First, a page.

Mice with diverse microbial exposure histories as a model for preclinical vaccine testing

Jessica K. Fiege, Katharine E. Block, Mark J Pierson, Hezkiel Nanda, Frances K. Shepherd, Clayton K Mickelson, J. Michael Stolley, William E. Matchett, Sathi Wijeyesinghe, David K. Meyerholz, Vaiva Vezys, Steven Shen, Sara E Hamilton Hart, David Masopust, Ryan A. Langlois

Research output: Contribution to journalArticlepeer-review

32 Scopus citations

Abstract

Laboratory mice comprise an expeditious model for preclinical vaccine testing; however, vaccine immunogenicity in these models often inadequately translates to humans. Reconstituting physiologic microbial experience to specific pathogen-free (SPF) mice induces durable immunological changes that better recapitulate human immunity. We examined whether mice with diverse microbial experience better model human responses post vaccination. We co-housed laboratory mice with pet-store mice, which have varied microbial exposures, and then assessed immune responses to influenza vaccines. Human transcriptional responses to influenza vaccination are better recapitulated in co-housed mice. Although SPF and co-housed mice were comparably susceptible to acute influenza infection, vaccine-induced humoral responses were dampened in co-housed mice, resulting in poor control upon challenge. Additionally, protective heterosubtypic T cell immunity was compromised in co-housed mice. Because SPF mice exaggerated humoral and T cell protection upon influenza vaccination, reconstituting microbial experience in laboratory mice through co-housing may better inform preclinical vaccine testing.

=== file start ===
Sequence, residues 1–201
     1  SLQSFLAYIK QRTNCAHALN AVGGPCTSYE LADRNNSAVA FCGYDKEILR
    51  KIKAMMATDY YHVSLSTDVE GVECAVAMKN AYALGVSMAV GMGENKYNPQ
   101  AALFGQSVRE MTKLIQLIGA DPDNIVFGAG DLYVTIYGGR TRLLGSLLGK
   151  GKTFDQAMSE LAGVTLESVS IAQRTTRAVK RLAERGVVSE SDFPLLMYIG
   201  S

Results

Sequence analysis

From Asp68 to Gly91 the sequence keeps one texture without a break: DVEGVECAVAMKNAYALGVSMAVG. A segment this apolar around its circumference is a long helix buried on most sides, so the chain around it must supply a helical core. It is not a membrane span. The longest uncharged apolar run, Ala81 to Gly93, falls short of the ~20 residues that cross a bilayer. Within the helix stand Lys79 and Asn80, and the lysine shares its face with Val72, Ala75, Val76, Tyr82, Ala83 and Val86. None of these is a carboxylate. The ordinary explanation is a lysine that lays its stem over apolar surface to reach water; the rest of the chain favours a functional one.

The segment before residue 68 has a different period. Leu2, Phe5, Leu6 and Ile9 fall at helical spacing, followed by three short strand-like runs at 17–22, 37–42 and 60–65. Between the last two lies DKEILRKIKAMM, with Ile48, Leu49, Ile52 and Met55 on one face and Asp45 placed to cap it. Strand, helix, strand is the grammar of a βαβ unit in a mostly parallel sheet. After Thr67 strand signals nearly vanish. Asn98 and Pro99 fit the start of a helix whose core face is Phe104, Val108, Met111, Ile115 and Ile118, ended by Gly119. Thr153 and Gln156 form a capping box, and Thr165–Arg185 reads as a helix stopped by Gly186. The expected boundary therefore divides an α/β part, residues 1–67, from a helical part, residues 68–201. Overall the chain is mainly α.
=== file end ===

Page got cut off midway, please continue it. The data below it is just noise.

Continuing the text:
Original languageEnglish (US)
Pages (from-to)1815-1827.e6
JournalCell Host and Microbe
Volume29
Issue number12
DOIs
StatePublished - Dec 8 2021

Bibliographical note

Funding Information:
This work was supported by NIH R01 AI132962 to R.A.L. and NIH R01 AI150600 to R.A.L. and D.M. NIH CIVIC contract no. 75N93019C00051 to D.M. and R.A.L. NIH R01 AI116678 to S.E.H. J.K.F. K.E.B. and W.E.M. were supported by T32 HL007741. This project was also funded in part with federal funds from NIAID, NIH and the department of Health and Human Services, under CEIRS contract no. HHSN272201400005C. We acknowledge the NIH Tetramer Core Facility for providing H-2Db-PA224 and H-2Db-NP366 tetramers. We thank Dr. Thomas Griffith for I-Ab NP311 tetramer. We also thank the UMN Flow Cytometry Resource Facility, UMN Genomics Center, CFI Dirty Mouse Colony and BSL-3 Program for support. We thank Dr. Steve Jameson for discussions during early stages of the work. J.K.F. and K.E.B. designed, performed, and analyzed experiments. M.J.P. C.K.M. J.M.S. and S.W. performed experiments. F.K.S. H.N. W.E.M. and S.S.S. performed computational and statistical analyses. D.K.M. performed histological analyses. V.V. was involved in study design. R.A.L. D.M. and S.E.H. supervised the study. J.K.F. and R.A.L. wrote the manuscript with input from all co-authors. J.K.F. and K.E.B. contributed equally. The authors declare no competing interests. We worked to ensure sex balance in the selection of non-human subjects. While citing references scientifically relevant for this work, we also actively worked to promote gender balance in our reference list.

Funding Information:
This work was supported by NIH R01 AI132962 to R.A.L. and NIH R01 AI150600 to R.A.L. and D.M. NIH CIVIC contract no. 75N93019C00051 to D.M. and R.A.L. NIH R01 AI116678 to S.E.H. J.K.F., K.E.B., and W.E.M. were supported by T32 HL007741 . This project was also funded in part with federal funds from NIAID , NIH and the department of Health and Human Services , under CEIRS contract no. HHSN272201400005C . We acknowledge the NIH Tetramer Core Facility for providing H-2D b -PA 224 and H-2D b -NP 366 tetramers. We thank Dr. Thomas Griffith for I-A b NP 311 tetramer. We also thank the UMN Flow Cytometry Resource Facility, UMN Genomics Center, CFI Dirty Mouse Colony and BSL-3 Program for support. We thank Dr. Steve Jameson for discussions during early stages of the work.

Publisher Copyright:
© 2021 Elsevier Inc.

Keywords

  • T cell immunity
  • dirty mice
  • humoral immunity
  • influenza virus
  • preclinical models
  • vaccine

PubMed: MeSH publication types

  • Journal Article

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